- Meanwhile, Dave Serrano's baseball team was in the midst of using a nine-run inning to dispose of Alcorn State 13-6 after winning Friday's opener 16-0. Jones' blaring of instructions to the football team over his loudspeaker interrupted the game at Lindsey Nelson Stadium more than once, but obviously, it wasn't much of a distraction to the coming-of-age baseball team.
- Then, not long before the UT basketball team tipped off, the No. 8 Lady Vols softball team began the rubber game of its series against No. 1 and defending national champion Alabama. Some time in the first half of the basketball game, it was announced that Ralph Weekly's gals topped the Tide 2-1 to take two of three from Bama. And, as you know, it's ALWAYS great to beat Bama in anything.
- Finally, the day's main event took place with UT facing a much more talented Missouri Tigers team with matchup nightmares galore in front of nearly 22,000 screaming fans inside Thompson-Boling Arena. But even though the Vols couldn't defend Laurence Bowers and struggled to match the speed of Phil Pressey, they found answers in grit, determination and hustle plays. The Tigers entered the game second in the nation in rebounding margin, but UT would not be denied the boards Saturday and fought from an eight-point deficit late to put a resounding stamp on a second-half-of-the-season surge with a 64-62 win. The heroes were many -- from Trae Golden's big first half to Jordan McRae's huge second-half to Jarnell Stokes' double-double to Skylar McBee's senior-day big 3s to Josh Richardson's best offensive game as a Vol to Quinton Chievous's much-needed spark against the team where his father starred -- and all their efforts were needed to win the game, move to 19-11 and lock up the SEC Tournament's fifth seed.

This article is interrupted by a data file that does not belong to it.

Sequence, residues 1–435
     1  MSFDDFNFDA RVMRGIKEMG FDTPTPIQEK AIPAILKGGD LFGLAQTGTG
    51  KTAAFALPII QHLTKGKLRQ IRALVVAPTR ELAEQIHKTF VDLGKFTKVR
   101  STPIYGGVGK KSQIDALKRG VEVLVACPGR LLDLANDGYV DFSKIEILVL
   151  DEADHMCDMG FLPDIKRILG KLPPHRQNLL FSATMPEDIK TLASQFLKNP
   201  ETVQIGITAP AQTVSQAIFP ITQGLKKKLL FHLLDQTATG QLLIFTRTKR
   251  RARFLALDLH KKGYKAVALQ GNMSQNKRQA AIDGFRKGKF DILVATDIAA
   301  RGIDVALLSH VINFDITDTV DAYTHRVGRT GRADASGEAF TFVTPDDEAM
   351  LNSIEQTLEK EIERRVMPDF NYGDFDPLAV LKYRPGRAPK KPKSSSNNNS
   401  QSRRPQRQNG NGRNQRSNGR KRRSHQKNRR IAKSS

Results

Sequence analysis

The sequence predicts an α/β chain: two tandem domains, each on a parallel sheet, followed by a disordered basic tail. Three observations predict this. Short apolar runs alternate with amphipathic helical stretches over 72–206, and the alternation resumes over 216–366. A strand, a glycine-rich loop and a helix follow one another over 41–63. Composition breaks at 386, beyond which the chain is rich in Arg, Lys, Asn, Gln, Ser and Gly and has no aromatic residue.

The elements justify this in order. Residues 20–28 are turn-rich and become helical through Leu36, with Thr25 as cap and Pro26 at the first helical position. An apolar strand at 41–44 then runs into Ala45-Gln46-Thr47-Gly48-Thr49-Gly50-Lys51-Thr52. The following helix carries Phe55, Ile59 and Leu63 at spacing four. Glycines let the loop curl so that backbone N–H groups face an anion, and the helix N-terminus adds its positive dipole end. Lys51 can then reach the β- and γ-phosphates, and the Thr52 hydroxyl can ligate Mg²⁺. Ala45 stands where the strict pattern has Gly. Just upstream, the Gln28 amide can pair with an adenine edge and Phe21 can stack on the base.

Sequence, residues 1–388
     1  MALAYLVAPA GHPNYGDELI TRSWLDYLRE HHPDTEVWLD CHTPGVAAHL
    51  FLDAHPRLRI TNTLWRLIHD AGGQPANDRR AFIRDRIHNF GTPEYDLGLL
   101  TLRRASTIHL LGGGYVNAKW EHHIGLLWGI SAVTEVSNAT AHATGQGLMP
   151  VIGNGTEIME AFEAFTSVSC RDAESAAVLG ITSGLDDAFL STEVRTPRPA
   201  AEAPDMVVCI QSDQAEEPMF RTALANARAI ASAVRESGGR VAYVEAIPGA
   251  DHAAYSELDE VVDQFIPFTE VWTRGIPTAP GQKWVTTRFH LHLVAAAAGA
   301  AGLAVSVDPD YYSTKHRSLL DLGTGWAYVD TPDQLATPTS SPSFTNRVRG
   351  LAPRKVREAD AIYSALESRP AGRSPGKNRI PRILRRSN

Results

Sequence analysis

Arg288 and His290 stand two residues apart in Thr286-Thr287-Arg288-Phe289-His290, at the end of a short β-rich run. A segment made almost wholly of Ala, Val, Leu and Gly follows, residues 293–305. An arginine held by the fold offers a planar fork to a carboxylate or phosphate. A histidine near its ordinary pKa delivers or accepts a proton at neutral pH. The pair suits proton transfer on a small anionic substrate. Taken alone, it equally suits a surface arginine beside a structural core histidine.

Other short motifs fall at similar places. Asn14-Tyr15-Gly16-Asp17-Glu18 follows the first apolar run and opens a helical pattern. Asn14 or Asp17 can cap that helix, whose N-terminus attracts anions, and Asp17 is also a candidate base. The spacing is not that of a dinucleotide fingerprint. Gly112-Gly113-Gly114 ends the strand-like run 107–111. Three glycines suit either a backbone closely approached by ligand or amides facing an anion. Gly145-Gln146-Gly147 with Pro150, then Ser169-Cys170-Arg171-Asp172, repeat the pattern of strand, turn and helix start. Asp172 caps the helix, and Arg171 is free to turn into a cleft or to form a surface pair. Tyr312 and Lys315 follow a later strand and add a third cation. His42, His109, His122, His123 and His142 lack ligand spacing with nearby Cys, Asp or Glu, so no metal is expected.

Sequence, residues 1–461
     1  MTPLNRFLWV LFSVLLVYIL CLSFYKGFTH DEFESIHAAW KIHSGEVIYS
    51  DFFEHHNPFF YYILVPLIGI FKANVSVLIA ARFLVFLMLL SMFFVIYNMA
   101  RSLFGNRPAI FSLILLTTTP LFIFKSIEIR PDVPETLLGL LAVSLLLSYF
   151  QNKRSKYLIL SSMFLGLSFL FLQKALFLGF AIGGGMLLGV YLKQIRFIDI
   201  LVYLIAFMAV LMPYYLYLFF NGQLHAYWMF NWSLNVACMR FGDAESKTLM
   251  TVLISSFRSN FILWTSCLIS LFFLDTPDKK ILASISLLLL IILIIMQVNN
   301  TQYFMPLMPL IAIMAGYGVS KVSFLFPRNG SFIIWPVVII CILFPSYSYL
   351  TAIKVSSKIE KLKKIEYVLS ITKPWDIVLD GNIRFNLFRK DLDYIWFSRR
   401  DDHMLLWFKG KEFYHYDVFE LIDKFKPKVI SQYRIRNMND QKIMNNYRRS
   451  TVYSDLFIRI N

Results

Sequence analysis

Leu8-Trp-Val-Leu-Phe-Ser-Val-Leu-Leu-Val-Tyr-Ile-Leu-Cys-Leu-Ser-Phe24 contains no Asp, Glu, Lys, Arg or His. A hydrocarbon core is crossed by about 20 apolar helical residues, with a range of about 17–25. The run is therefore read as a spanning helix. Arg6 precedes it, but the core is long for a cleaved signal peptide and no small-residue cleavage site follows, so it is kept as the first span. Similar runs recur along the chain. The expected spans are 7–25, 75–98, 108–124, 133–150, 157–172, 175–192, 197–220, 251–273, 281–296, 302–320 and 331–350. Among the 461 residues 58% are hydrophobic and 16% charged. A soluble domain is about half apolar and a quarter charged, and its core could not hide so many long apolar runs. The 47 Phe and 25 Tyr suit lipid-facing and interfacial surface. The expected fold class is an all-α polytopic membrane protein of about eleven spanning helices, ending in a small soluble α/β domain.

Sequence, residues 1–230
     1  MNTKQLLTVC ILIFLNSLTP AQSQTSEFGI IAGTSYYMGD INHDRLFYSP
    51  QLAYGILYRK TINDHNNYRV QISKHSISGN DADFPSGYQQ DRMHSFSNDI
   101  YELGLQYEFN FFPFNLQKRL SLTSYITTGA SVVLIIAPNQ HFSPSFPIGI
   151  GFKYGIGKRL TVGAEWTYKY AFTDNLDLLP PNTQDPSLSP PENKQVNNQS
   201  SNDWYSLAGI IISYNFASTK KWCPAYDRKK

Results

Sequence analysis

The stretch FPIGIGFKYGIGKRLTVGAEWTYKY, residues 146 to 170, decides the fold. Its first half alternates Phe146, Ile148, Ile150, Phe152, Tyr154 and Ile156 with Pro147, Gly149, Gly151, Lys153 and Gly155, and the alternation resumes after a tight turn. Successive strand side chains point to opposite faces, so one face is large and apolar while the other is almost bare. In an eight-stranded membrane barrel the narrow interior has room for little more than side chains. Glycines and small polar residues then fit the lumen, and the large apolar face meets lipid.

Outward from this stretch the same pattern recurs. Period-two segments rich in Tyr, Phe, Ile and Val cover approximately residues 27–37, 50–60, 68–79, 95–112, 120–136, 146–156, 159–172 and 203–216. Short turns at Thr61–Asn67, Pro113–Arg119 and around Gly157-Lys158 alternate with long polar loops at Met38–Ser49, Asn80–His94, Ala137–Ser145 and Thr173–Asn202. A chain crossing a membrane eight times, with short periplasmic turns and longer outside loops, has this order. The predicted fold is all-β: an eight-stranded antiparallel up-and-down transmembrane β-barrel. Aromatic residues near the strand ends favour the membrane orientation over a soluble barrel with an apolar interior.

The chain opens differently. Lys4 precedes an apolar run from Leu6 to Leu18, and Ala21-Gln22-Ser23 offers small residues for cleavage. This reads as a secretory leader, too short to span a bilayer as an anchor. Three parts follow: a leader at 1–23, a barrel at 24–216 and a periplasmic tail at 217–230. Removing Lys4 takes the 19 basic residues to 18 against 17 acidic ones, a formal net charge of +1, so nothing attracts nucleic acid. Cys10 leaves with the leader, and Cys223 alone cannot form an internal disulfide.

Even the trappings of Saturday were memorable. We arrived in Knoxville, passed football at my cousin Brian Wall's house on the French Broad River, grilled out T-bones and hamburgers, listed to some music, took the boat out for a spin, got to campus to experience the gameday atmosphere and even got to see parts of the campus I haven't been to in years. Most importantly, we got to see basically every team on campus win its game to put the cherry on top of an ideal trip.
Sure, the day wasn't completely perfect. The Lady Vols basketball team wilted down the stretch to allow Texas A&M to come all the way back and win by four in the semifinals of the SEC Women's Basketball Tournament. That was a gut-punch to a sterling day on the Hill, but it wasn't enough to spoil the experience.
So, here I am, having driven back home to rural Alabama, sitting at my computer and hacking out a poor attempt of the excitement I felt today, the excitement still coursing through my veins. We're losing an hour tonight, and I can't sleep. My clock says 1:20 a.m., and I cringe at the thought that perhaps my wife hasn't even re-set it yet.
Mostly, my insomnia is because I don't want this day to end. I don't want to wake up tomorrow and face the days that Tennessee fans know lately seem to follow days like today. When you've endured the stretch we've endured, you fear somebody important is getting arrested tonight after celebrating too hard or about to get injured or that we'll lose an important assistant coach or have some embarrassing news published by the News Sentinel or that we'll succumb to an also-ran in our opening-round conference tournament game ... or ... or ... or ...
But maybe today was different. There have been good days few and far between during These Dark Times, sure. But nothing like this. Today was the BEST day. And it's still nowhere near the best it can be. We know that because we remember. We're fans, and we love the Vols and we remember why we love the Vols and when the times were better than this and when we all took them for granted. We won't do that again.
You know how I know that? Because I didn't take today for granted. This was a great day; but maybe there are even better days than this ahead. Maybe this good feeling was only the beginning. Maybe that atmosphere surrounding our campus on Saturday and the sun shining overhead was symbolic. Maybe it's starting to be our time again.
It is ALWAYS great to be a Tennessee Vol. Today it just felt like it.